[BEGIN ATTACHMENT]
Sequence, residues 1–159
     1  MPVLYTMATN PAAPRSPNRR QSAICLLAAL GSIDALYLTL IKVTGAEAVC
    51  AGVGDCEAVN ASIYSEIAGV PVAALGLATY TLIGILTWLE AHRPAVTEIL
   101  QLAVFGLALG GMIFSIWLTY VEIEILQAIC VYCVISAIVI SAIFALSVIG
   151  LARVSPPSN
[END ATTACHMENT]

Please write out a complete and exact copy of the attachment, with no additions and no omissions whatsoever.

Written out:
Sequence, residues 1–159
     1  MPVLYTMATN PAAPRSPNRR QSAICLLAAL GSIDALYLTL IKVTGAEAVC
    51  AGVGDCEAVN ASIYSEIAGV PVAALGLATY TLIGILTWLE AHRPAVTEIL
   101  QLAVFGLALG GMIFSIWLTY VEIEILQAIC VYCVISAIVI SAIFALSVIG
   151  LARVSPPSN